Pinterest Stumbleupon Whatsapp
Advertisement

Extremely popular, and every day more so – Twitter currently has an obvious monopoly on microblogging. Not that it is very surprising, because it is an incredible website.

It’s proven its usefulness in incredibly diverging scenarios, ranging from loud egocentrics to real-time news aggregation during disasters. For a more extensive read on Twitter, check out the MakeUseOf PDF Guidebook to Twitter Twitter: Best Practices and Tips Twitter: Best Practices and Tips Read More .

Nevertheless, it’s always refreshing to see a Twitter alternative hit the market and challenge the active powers. After all, competition lies at the very foundation of progress.

Yahoo! Meme

Meme, Yahoo’s new microblogging platform is a Twitter-challenger that should be taken seriously. Even though it’s been running a short while in Portugal, it’s just recently been launched for the English-speaking public. I was lucky enough to receive an early invite.

The opinions on Meme deviate – it’s been called a serious Twitter-killer by some, a superfluous clone by others. In this article we’ll try to compare the features of both platforms – not to blatantly conclude which is better, but to look which prevails in what area.

Where Meme Beats Twitter

There are a few areas where Meme makes Twitter bite dust – a few features that aren’t included in the latter contestant, or not as actively.

Advertisement

Media-rich and extended post functionality

Contrary to Twitter, which is mostly text-based, this Twitter alternative not only supports, but focuses on media-rich posts.

meme2

There are four different kinds of posts; text, picture, video and audio. The latter three allow you to post media from your hard drive or an internet location – as well as supply it with a caption. Video and audio players are embedded in post overviews so you can play everything on spot.

meme3

Obviously, Meme also supports text posts. The main difference to Twitter, however, is that you can type up to 2000 characters – the equivalent of roughly fourteen tweets.

meme7

Meme also supports basic HTML mark-up, allowing you to type in bold, italic and create links.

Reposting and commenting

Another defining feature of Meme is the reposting functionality. Sure, retweeting is possible as well, but it’s far more limited.

Next to each post you’ll see a repost button, as well as the number of times it’s been spread around already. By clicking the button, you instantly repost the item to your stream. As you can in the screenshot below, you can attach a personal comment to the repost – this will be visible to the source, as well as your followers, but will not be carried in any subsequent reposts.

meme6

Each repost also includes two names at the bottom – the one who you reposted it from, and the original source. This ensures that the spiritual ‘legacy’ of a post is always carried on, no matter how many reposts have passed.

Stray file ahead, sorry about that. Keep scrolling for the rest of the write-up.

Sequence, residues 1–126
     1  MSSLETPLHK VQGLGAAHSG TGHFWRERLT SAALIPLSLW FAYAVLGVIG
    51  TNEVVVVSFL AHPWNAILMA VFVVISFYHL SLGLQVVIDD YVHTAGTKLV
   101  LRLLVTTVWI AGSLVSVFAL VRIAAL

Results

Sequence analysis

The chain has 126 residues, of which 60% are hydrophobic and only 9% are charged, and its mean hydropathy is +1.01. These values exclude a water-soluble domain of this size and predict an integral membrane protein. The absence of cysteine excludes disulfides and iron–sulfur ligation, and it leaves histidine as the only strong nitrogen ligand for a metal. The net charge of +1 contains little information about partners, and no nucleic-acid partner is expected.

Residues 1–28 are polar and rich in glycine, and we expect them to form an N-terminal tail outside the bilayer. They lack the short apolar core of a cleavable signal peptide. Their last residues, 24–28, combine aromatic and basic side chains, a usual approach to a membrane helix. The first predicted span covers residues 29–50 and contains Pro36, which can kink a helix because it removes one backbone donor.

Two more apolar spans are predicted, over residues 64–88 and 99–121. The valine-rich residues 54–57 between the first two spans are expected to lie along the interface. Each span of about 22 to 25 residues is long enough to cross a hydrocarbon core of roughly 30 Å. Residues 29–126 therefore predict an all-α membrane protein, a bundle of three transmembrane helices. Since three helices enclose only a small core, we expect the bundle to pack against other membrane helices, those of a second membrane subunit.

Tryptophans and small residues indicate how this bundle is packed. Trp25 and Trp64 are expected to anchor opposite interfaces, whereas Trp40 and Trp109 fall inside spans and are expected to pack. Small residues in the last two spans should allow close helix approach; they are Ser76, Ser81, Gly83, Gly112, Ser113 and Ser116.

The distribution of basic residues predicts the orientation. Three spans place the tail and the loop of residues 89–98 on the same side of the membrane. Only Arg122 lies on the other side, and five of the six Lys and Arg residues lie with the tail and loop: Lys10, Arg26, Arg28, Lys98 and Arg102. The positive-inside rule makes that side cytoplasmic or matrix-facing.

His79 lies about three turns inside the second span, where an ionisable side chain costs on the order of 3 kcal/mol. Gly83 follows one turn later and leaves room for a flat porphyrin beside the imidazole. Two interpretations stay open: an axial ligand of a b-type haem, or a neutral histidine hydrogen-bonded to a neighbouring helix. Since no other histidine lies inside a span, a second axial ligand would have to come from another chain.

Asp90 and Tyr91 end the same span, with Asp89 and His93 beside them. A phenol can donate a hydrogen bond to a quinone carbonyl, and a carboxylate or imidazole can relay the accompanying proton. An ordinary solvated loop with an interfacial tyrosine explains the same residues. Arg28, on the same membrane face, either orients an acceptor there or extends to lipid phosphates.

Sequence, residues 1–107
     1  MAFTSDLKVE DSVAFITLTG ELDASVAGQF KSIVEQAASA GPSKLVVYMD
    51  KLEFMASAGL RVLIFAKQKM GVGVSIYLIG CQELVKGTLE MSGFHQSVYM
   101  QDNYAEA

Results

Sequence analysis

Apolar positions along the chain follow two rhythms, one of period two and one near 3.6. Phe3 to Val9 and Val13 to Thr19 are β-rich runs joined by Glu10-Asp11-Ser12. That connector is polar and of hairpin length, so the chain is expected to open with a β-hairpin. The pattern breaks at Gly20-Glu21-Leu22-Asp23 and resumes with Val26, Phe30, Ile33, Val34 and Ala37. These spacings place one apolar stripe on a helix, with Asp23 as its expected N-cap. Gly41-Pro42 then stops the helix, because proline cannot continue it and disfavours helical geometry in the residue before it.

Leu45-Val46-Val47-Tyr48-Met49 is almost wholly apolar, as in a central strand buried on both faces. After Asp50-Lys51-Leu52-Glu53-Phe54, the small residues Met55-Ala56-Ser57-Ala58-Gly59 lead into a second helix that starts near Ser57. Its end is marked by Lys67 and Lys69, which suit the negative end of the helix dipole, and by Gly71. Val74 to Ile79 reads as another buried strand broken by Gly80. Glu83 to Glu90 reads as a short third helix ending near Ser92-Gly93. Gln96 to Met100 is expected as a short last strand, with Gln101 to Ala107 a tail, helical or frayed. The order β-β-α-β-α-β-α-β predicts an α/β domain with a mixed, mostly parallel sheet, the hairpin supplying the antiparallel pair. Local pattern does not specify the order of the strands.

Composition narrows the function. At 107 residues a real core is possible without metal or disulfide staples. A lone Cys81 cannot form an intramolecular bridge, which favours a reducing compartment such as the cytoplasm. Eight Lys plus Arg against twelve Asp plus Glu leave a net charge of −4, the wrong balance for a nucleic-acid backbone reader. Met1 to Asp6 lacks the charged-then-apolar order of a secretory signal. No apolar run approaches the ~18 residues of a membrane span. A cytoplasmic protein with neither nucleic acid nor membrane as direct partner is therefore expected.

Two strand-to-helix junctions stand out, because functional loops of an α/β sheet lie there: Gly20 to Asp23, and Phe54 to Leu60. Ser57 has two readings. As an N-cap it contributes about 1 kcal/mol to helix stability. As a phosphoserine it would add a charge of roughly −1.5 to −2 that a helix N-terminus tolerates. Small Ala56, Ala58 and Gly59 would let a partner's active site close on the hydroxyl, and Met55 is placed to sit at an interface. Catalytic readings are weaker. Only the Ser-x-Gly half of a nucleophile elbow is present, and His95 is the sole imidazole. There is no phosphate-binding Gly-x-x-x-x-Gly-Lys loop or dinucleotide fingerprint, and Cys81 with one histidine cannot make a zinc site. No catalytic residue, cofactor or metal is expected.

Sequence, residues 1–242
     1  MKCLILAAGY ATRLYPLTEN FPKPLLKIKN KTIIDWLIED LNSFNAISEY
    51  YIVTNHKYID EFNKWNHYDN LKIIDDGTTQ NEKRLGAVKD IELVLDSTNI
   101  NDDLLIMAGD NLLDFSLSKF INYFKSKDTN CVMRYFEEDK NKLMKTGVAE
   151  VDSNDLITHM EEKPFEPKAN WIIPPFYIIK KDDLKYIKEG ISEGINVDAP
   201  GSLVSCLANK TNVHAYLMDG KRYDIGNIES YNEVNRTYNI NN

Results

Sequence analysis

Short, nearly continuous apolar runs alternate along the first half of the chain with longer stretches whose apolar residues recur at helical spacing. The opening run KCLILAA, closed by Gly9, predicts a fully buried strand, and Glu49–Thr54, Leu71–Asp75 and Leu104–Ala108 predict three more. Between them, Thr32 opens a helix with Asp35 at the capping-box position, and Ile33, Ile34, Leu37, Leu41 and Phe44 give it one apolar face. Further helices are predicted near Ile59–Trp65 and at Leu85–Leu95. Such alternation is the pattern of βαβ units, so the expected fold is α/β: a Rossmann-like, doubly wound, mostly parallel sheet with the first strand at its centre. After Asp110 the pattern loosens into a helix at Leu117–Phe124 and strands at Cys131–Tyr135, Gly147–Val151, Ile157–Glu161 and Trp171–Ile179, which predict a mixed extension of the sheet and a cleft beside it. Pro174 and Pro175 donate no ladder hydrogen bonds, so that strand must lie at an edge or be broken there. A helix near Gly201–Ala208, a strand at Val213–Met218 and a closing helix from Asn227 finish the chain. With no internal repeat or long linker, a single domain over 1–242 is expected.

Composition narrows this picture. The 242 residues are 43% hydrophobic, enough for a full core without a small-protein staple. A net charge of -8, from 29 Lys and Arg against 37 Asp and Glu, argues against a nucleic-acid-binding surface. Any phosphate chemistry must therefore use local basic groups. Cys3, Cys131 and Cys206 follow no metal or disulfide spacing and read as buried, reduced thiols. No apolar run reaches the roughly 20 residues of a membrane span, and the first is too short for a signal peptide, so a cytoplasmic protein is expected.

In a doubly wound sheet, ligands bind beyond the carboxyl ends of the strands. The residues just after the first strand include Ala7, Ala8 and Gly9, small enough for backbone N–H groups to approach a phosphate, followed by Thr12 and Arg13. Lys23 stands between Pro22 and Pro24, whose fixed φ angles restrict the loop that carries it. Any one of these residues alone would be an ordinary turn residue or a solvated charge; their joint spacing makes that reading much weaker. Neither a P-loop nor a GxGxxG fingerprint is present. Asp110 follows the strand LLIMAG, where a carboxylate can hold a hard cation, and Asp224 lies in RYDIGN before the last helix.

Of course, reposting isn’t the only way to comment on someone else’s activity. Every post in Meme also gets its own page. On there, multiple people can comment in a threaded view.

Where Meme Fails Twitter

Every coin has two sides, and Meme is still far from perfect. There are a number of areas where the Twitter alternative still fails Twitter, due to missing features or functionality.

Content

I hate saying it, but Meme is still far inferior to Twitter in terms of content. A large majority of people on Meme just post ‘funny and cool’ pictures all day long – which is entertaining at the start, but quickly gets tiresome. At the time being, there’s a huge shortage of people who have something meaningful to add. Looking solely at content, Meme might be heading the same way as Tumblr.

meme4

Of course, this is not a permanent conclusion. Twitter started out the same way, and quality of content is bound to improve over time. Nevertheless, it can’t be ignored.

Searchability

The searchability of Meme is very limited at the moment – not to say ‘nonexistent’. It’s not possible yet to search posts, or search ‘topics’ like in Twitter.

Twitter’s real-time search is one of its great strengths, and because of its complete absence in Meme, this is an obvious failure.

Third-Party Backing

Last but not least, third-party applications also aren’t available. Where Twitter is supported by an abundance of online and offline client applications, as well as hundreds of cool ‘bots’, Meme is completely stand-alone. The biggest (and only) link to the outside-WWW is RSS functionality.

Conclusion?

There are a few wins, a few fails. Whom you regard as the winner is completely subjective. You’ll have to carefully consider which features you value most in a microblogging platform. Personally, I’m a Memer – what are you, and why?

Leave a Reply

Your email address will not be published. Required fields are marked *